Every now and again I publish a short story instead of a book review. So as it’s almost Halloween here is a little tale of dark humour and cannibalism.
#WhateverHappenedtoAuntAda @cookiebiscuit #shortstory
Photo credit Danielle Lade
‘So you had just started telling me Stan, whatever happened to Aunt Ada? She seemed so fit for 93.’
‘She was. Good strong bones with plenty of meat still on them. You know how old people often get really skinny. Lose all muscle tone. But not Ada. She went to Pilates twice a week, right up until she was almost ninety. And she played tennis at Wimbledon when she was in her twenties. Hockey too. Taught PE at the local convent school. Received an MBE for services to sport after she retired.’
‘Wow, she sounds like a remarkable lady,’ Jean was ramming another slice of roast meat and horseradish into her mouth and chewing appreciatively.
‘Didn’t she leave her body to medical science or something?’ she continued.
‘Something like that.’ replied Stan, ‘Something like that. Pass the potatoes won’t you my dearest.’
‘I don’t want to be cremated after I die,’ said Aunt Ada.
‘Well we won’t do it beforehand,’ laughed Stan. ‘How’s your crackling by the way? Is it crispy enough?’
‘Mmmm. Delicious. And the apple sauce is to die for. Are the Bramleys from old Mr Johnson’s garden.’
‘All home grown my dear, all home grown.’
‘What happened to him, that Mr Johnson? Didn’t he die quite recently?’
‘Funnily enough, it was only a couple of weeks ago,’ replied Stan. ‘Went quick. Heart just stopped. Shame, because he was in really good condition for 78. Played five-a-side football up until his sixties and coached the youngsters from the deprived areas.’
‘In really good condition…you make him sound like a prize heifer Stan.’
‘It’s the same thing really. And he didn’t want to be cremated either.’
‘It’s good to know I’m helping the environment. No grave to dig and tend and take up room in the cemetery. No smoke to pollute the atmosphere.’ Ada was in bed at home, no hospital for a hardy old duck like her. Nothing like dying at home in your own space. It had always been her wish.
It didn’t take long. She went to sleep to the sounds of Classic FM and didn’t wake up the next morning. Stan was with her of course. She’d never married or had any children. He was her only remaining relative. And all her friends had passed long ago, Madge who she’d known since they were children at 77, Edith from the corner shop at 81. She had even outlived Maud who was a right old dragon in her time. Used to be the caller at the Bingo. Clickety click, sixty six. Eighty eight, two fat ladies. They said it was her bad temper that kept her going till she was almost 90. She said it was because she was one of the two fat ladies. But even she couldn’t match Ada’s rude health and sharp wit.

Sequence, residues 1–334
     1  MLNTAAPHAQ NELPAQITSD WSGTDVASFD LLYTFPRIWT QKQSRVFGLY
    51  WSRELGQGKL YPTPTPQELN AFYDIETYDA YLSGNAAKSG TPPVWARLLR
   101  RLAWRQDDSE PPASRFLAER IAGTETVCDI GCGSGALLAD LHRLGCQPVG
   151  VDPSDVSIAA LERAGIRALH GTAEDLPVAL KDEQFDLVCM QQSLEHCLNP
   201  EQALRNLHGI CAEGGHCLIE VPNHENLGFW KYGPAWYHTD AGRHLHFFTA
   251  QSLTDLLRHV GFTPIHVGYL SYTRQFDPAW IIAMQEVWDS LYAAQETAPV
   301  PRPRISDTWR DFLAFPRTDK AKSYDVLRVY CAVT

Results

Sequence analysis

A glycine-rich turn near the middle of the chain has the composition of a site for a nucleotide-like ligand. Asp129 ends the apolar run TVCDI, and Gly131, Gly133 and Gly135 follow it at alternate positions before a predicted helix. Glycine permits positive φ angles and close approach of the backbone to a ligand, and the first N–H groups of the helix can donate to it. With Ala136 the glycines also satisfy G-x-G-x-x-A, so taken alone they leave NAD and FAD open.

‘I was just thinking, Ada. If you don’t want to be cremated, have you thought about what you’d like done with your body? Afterwards, I mean.’
‘You can stick me in a bin liner and chuck me in the dumpster for all I care. I won’t be here to see it will I?’
‘That wouldn’t be very good for the environment would it and the bin men would never get over the shock. All those limbs sticking out of the bag. It would be like a horror film or one of those crime thrillers. You know when they come to collect the rubbish and there’s a hand poking out with a digit missing.’
‘Stan, you are awful. I think that’s why we get on so well.’
‘There are other options of course.’
‘I’m not being buried at sea, if that’s what you’re thinking,’ she continued. ‘Always hated the water. That’s why I never learnt how to swim.’
‘You won’t be swimming, Ada my dear. Not even floating. But I wasn’t thinking of anything like that. You’re far too valuable to be fish food. Let me explain my after-death plan. I think it might take off and become popular if people could just stop being so squeamish.’
‘Yes Jean my sweet.’
‘I was just wondering whether this is beef or lamb. It has an unusual taste, lighter somehow.’
‘It’s neither actually. It’s Aunt Ada.’
‘Ha ha Stan. You do make me laugh. You have such a warped sense of humour.’
‘I’m not joking Jean. It really is Aunt Ada. She and I made an agreement a few years ago. She didn’t want to be cremated…’
‘You see, you were enjoying it before I told you. We were having such a lovely dinner. Now you’ve gone and spoiled it. It’s good meat, human. Bit like veal or chicken, especially if the person lived a healthy life. No smoking or too much alcohol. Stay out of the sun at noon times. Moisturise every day. Plenty of flesh but not too much fat. There’s loads more in the freezer.’
‘Please tell me you’re joking. I’m going to be sick, Stan. I think there’s something stuck in my throat…’
‘Don’t be like that Jean. At least finish the roast potatoes and the cauliflower cheese. It’s your favourite.’
‘So you had just started telling me Stan, whatever happened to Jean? I gather she passed away quite recently.’
‘Very sad it was, Margaret. We were going to be married next year.’ Stan was chewing the meat off a lengthy femur. ‘Quite sudden actually. She choked on a metatarsal. It was such a lovely dinner we were having. Roast with the full works. Yorkshire pudding, bread sauce, spiced parsnips and my special gravy. And cauliflower cheese of course. It was her favourite.’
‘Oh Stan. I love cauliflower cheese, but it’s the meat part I like best. This is like veal. Very tender,’ said Margaret.
‘Funny you should say that my dear. I like the meat best too. And this is very special. Cooked with love as they say. And there’s plenty more in the freezer.’